Here is information that covers the 110 mile mostly gravel Ohio & Erie Canal Tow Path: http://www.ohioanderiecanalway.com/Main/Home.aspx
These beautiful pictures are making me kind of crazy looking out the window at all the snowbanks and icy roads.
I recently rode Mana Rd on the Big Island of Hawaii. Mana Rd spirals down the slopes of Mauna Kea from about 7,000 ft near the crest of Saddle Rd to the town of Waimea at about 3,000ft. We hitched a ride to the top and made it a downhill run.
Although you lose 4,000 ft of elevation in 45 miles riding the direction we did, there's still a surprising amount of steep uphill.
The quality of the road varies from po'okela to almost unrideable.
It wasn't a day for views of the ocean as we were in the clouds most of the time, but wild turkeys, wild pigs, nenes and other wildlife kept us entertained.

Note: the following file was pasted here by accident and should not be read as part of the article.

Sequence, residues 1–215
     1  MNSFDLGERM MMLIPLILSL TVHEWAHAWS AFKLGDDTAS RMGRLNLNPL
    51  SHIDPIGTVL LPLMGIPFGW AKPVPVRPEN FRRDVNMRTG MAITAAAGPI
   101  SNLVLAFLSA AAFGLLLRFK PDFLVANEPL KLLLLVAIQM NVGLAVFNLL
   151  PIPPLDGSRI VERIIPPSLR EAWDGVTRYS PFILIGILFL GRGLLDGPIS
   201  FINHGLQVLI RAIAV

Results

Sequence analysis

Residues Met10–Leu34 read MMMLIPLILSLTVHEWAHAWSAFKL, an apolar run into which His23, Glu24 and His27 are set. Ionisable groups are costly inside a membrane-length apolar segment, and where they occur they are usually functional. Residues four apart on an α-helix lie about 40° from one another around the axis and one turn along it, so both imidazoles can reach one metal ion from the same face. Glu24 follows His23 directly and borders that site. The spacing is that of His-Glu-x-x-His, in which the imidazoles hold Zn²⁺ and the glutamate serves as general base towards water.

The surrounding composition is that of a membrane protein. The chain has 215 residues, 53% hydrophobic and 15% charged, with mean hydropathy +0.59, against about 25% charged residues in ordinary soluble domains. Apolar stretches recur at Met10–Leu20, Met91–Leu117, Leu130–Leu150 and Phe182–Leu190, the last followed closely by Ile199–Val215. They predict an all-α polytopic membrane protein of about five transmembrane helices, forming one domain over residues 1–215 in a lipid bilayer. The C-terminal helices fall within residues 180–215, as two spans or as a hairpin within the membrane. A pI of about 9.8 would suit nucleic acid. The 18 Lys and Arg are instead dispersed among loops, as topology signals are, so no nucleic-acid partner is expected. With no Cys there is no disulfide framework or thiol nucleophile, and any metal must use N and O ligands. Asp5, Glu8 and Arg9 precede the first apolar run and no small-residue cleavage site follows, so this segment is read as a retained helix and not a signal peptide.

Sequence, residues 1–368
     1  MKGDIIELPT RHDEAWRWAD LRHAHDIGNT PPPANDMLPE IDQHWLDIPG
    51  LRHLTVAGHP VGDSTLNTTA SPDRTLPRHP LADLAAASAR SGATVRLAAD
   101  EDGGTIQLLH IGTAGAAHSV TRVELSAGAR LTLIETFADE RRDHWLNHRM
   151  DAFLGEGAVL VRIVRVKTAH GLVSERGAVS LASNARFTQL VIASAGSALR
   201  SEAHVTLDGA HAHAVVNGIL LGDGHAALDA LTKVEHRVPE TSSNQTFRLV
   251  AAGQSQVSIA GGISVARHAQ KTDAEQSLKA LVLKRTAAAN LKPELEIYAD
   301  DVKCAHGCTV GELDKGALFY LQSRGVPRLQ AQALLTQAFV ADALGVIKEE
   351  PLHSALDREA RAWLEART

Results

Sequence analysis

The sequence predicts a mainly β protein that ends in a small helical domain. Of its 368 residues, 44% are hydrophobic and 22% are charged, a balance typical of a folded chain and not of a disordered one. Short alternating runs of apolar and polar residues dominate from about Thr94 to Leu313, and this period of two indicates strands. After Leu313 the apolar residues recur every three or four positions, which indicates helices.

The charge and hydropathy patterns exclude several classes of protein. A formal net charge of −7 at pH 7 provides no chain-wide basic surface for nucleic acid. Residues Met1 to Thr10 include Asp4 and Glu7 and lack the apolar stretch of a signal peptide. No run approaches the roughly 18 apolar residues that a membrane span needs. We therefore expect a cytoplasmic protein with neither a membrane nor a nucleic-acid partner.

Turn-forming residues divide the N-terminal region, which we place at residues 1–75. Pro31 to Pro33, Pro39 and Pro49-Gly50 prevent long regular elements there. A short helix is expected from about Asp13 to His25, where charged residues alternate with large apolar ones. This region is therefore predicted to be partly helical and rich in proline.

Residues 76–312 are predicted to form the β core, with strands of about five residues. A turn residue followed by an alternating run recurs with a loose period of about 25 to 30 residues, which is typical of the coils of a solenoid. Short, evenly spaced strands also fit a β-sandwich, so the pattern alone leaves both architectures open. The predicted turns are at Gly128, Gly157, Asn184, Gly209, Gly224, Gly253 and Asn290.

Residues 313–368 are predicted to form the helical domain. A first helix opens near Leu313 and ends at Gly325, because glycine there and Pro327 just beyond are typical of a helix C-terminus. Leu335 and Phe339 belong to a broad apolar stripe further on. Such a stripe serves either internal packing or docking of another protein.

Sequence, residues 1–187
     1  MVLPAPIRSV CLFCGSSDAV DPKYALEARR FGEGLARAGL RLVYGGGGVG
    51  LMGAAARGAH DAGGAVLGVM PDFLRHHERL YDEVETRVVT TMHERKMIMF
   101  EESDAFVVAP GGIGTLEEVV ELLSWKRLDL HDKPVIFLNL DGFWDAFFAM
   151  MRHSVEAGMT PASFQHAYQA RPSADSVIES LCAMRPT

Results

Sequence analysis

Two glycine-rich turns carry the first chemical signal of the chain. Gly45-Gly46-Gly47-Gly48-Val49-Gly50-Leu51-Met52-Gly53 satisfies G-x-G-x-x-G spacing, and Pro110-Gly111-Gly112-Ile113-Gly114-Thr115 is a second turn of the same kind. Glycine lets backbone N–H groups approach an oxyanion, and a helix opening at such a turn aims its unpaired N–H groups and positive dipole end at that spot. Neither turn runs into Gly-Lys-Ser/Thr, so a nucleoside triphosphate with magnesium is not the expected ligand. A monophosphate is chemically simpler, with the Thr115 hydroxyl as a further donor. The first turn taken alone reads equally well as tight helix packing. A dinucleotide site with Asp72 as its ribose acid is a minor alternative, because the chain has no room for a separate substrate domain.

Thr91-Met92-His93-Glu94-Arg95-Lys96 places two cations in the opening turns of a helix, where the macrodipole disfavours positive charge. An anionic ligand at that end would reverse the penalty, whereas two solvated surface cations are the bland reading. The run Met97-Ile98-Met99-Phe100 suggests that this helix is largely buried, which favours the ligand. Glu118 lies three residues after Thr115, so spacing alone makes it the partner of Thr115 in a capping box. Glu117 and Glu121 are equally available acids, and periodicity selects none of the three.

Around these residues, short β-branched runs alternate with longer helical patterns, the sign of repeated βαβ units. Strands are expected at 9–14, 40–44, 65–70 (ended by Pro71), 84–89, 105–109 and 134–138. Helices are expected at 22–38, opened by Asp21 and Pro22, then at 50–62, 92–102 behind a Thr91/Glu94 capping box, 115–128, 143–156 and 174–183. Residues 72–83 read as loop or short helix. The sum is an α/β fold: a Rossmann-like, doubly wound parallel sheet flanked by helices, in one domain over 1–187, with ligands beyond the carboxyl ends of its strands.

Today's March edition of my club's Monthly Grind had very little gravel but lots of red clay and sand. These roads had been in great shape before we got a day and a half of hard, steady rain. Today's weather was gorgeous, but the roads were still soaked and sometimes sloppy. About 3 miles into the first dirt road section, we got into the worst muddy red clay slop we would see all day. Everyone had to stop and clean mud off the bikes just so the wheels would turn. After that there were some soft sections that made it harder to pedal, but for the most part it was nice. I'm going to need to do some major cleanup to my drivetrain, but that's the way it goes.
Here we go by BluesDawg, on Flickr
sloppy by BluesDawg, on Flickr
Oh boy! by BluesDawg, on Flickr
steady rollin' by BluesDawg, on Flickr
photo op by BluesDawg, on Flickr
grinding along by BluesDawg, on Flickr
After I watched the Paris-Roubaix race online, I felt inspired to head out and do a long ride on paved and unpaved roads around my part of Middle Georgia. I wound up riding 62 miles on an absolutely beautiful Spring day.